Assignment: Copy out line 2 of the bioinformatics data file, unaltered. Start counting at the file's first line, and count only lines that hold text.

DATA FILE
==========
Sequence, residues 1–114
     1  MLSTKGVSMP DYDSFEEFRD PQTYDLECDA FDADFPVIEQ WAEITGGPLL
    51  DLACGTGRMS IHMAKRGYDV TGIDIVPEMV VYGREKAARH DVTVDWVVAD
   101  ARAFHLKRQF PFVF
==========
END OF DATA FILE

     1  MLSTKGVSMP DYDSFEEFRD PQTYDLECDA FDADFPVIEQ WAEITGGPLL